EUROPEAN MEDIA: UK - Life on the home front

Structural changes, lengthy pitches, ITV Digital's collapse and the success of Big Brother III have marked out 2002 as a busy year for UK media. Jeremy Lee reports.

2002 will probably be remembered for the continued caution of the UK's media, big changes have occurred that should put the industry on a good footing for the recovery.

"This has been a year of structural change," Iain Jacob,the chief executive of Starcom Motive, says. "The previous levels of growth were unsustainable, although there will be a gentle pick up-next year."

The advertising market has driven this structural change - although it seems that the recession has bottomed out and things have started to improve.

These changes include greater efforts by the media owners to develop commercially focused content, and clients seeking a more balanced approach from the agencies leading to a more intense focus on the services the media companies deliver.

Jacob, whose holding company BCom3 was bought by Publicis this year, thinks consolidation is no longer viewed as a threat but as a necessity.

It has not been an easy year with further redundancies across the board and magazine closures. What's more, the TV market has endured a torrid time. The hangover of one of the worst advertising recessions in history and a new Barb panel has led to dramatic changes on the television landscape.

The new, and controversial, Barb panel was introduced at the start of the year and immediately produced some surprising audience data. This not only affected the TV stations but also the agencies, which were now given a new currency with which to trade. Even now, nine months after its introduction, the panel is still short of its target size, leading some to question the validity of its data.

Obviously the fortunes of the TV companies are linked to their audiences and ITV emerged as the worst hit. Carlton and Granada were already feeling the pinch of the advertising recession and this, combined with the two companies' investments in ITV Digital, put a severe strain on their coffers.

In a bid to create a unified, and therefore more slimline, ITV, Carlton and Granada embarked on secret talks to merge and seemed to have reached an agreement in March. However the talks broke down within hours of the agreement being signed and the two ITV giants remain separate.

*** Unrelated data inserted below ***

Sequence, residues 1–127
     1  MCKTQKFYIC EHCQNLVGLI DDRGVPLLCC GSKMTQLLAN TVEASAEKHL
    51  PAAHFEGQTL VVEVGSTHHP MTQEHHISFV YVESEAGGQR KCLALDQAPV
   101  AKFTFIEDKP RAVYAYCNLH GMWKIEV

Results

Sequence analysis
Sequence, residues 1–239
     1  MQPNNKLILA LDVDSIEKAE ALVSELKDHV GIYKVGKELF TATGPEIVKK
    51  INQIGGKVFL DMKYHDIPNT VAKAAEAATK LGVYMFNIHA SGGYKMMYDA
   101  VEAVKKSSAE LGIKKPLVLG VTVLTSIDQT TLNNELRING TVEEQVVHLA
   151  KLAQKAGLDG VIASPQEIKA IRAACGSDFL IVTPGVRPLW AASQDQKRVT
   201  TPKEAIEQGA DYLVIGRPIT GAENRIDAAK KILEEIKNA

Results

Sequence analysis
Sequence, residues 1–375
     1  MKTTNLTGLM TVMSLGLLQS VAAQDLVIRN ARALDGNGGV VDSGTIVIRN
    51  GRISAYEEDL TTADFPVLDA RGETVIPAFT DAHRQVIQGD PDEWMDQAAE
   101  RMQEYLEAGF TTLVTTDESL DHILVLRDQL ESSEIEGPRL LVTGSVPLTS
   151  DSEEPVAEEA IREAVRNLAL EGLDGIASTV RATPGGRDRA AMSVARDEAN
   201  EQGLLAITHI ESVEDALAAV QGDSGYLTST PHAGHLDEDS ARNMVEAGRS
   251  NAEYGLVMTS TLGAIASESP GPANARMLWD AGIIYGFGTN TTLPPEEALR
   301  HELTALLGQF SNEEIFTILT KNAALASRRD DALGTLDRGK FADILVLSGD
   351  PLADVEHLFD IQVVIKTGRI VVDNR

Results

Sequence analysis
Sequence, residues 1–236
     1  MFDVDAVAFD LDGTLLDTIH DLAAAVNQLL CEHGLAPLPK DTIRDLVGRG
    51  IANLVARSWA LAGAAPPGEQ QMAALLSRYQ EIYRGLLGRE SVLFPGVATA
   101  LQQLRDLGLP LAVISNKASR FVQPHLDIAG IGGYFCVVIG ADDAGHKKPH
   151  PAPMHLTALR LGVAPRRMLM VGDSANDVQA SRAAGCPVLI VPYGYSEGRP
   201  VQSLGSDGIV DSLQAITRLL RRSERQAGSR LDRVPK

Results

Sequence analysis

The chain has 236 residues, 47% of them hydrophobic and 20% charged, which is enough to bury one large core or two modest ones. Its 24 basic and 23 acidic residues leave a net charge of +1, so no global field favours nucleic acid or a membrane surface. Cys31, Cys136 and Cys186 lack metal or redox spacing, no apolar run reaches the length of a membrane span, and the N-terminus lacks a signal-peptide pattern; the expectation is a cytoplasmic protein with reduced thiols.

ITV Digital remained a drain on Carlton and Granada's finances before the plug was finally pulled in May. The ITV companies then decided to focus their resources on ITV1, which had suffered from a lack of investment.

Despite the setback of ITV Digital, multi-channel TV enjoyed a successful year as well as increased viewing levels.

Channel 5 had a spectacular year with its share of the commercial TV audience up 17 per cent on 2001. Increased investment in programming has broadened the station's audience. Advertising revenue followed audiences and the channel can look forward to an even more successful year next year.

Elsewhere in TV, Channel 4 celebrated its 20th birthday by recording its first loss in its history through problems with its 4Ventures division.

4Ventures houses Channel 4's non-core interests including the pay-TV channels FilmFour and E4, both of which were hit by ITV Digital's collapse.

Mark Thompson, who finally joined the company as the chief executive in March after a prolonged period of gardening leave from the BBC, announced some radical cost-cutting measures. The head count was dramatically reduced and Thompson scaled back investment in FilmFour, Channel 4's film production arm.